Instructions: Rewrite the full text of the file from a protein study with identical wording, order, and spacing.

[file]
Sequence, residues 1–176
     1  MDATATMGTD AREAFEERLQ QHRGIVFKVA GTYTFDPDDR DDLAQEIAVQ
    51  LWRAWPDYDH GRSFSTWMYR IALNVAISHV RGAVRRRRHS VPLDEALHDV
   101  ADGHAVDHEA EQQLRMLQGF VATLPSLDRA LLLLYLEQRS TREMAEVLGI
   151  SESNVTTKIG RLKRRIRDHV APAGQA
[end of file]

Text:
Sequence, residues 1–176
     1  MDATATMGTD AREAFEERLQ QHRGIVFKVA GTYTFDPDDR DDLAQEIAVQ
    51  LWRAWPDYDH GRSFSTWMYR IALNVAISHV RGAVRRRRHS VPLDEALHDV
   101  ADGHAVDHEA EQQLRMLQGF VATLPSLDRA LLLLYLEQRS TREMAEVLGI
   151  SESNVTTKIG RLKRRIRDHV APAGQA